Lorenzo is a violence interrupter for Cure the Streets in Ward 7’s Marshall Heights and Benning Heights neighborhoods. He’s a father of three children, but when you see him walking the streets in the community, you quickly realize that he’s a father figure to many.
“Cure the Streets, to me, is family,” he says.
When Lorenzo takes his kids to the playground, he invites other kids and their families to go with him (though he’s been taking extra precautions during the pandemic). If he sees teens hanging out on the sidewalk, he’ll sit with them and play cards – he’s always looking for ways to engage young people in the community.
This is part of the reason why Lorenzo refers to Cure the Streets as “family,” because he plays an active and supportive role in people’s lives every day much like a family member would.
He also uses those daily interactions with young people as an opportunity to encourage them. “Some of the guys have never left Southeast. They haven’t even been downtown to see the monuments. Some of these kids don’t even know about the African American History museum.” So when Lorenzo is with them, he encourages them to go to school, to make a plan, and to get outside.
Lorenzo became a violence interrupter in his neighborhood after he was incarcerated for 24 months. He explained that there was a lot of time for reflection in jail, “When you’re in jail, people give you all kinds of advice – but that’s because, in jail, all you’ve got is time.” He says he uses what he learned from his past to try to prevent others from making similar mistakes, “I don’t want my kids doing what I’ve done, but I showed them where I came from.” In addition to building relationships to help prevent violence, Cure the Streets staff also interrupt violence before it spreads. Lorenzo described a situation that happened recently where he and a team member walked by a community member and a security guard arguing. They knew the conflict could turn violent when they overheard someone suggest physically hurting the security guard. That’s when Lorenzo and his Cure the Streets teammate intervened. Lorenzo explained that in his neighborhood, even a conflict that starts small can quickly grow to involve multiple people “We’re in a target area…and people could be carrying guns…it could escalate quickly.” The Cure the Streets team was able to de-escalate the confrontation before anyone was hurt. “We prevented a situation from reaching the [news]paper that day,” he says.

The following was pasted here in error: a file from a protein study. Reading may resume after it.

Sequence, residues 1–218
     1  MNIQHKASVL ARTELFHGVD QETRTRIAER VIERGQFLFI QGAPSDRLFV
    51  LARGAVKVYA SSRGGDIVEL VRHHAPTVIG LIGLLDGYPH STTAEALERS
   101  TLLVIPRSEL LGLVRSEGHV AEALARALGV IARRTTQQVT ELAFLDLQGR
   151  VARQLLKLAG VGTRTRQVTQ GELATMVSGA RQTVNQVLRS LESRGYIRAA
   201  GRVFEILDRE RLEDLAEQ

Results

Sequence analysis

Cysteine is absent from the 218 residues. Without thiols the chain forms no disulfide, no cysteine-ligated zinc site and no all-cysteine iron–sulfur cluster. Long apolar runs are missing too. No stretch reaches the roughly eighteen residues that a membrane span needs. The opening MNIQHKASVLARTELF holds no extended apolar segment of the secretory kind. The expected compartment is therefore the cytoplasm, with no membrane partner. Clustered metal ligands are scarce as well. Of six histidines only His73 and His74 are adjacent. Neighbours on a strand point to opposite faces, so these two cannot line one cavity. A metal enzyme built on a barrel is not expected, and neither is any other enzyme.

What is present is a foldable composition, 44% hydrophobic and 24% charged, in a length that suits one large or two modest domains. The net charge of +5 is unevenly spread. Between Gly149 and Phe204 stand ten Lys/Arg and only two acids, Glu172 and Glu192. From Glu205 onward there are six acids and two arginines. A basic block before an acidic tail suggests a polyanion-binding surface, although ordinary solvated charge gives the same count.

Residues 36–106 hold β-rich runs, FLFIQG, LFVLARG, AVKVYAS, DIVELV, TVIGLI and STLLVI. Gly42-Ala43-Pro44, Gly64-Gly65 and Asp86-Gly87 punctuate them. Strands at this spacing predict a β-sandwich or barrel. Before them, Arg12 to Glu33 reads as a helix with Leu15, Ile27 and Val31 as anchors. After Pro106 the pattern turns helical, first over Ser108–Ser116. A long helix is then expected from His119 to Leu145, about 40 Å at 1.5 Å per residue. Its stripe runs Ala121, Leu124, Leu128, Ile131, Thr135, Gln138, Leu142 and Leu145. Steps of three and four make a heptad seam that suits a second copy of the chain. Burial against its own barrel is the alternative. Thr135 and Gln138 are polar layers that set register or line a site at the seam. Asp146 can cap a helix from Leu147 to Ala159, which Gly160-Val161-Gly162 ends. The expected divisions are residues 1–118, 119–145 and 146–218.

When Lorenzo re-entered the community after being incarcerated, he started feeding people experiencing homelessness throughout the District. That’s when he was approached by Cure the Streets staff who invited him to apply to be a violence interrupter in the Marshall Heights and Benning Heights neighborhoods where he grew up. He says it’s because of the passionate staff that he met during his interview that he realized he would be joining a big family. “We can’t do everything, but we damn sure try,” he says.
OAG’s Cure the Streets uses a data-driven, public-health approach to treat violence as a disease that can be interrupted, treated, and stopped from spreading. CTS is working in six sites with some of the highest rates of gun violence in Wards 5, 7 and 8.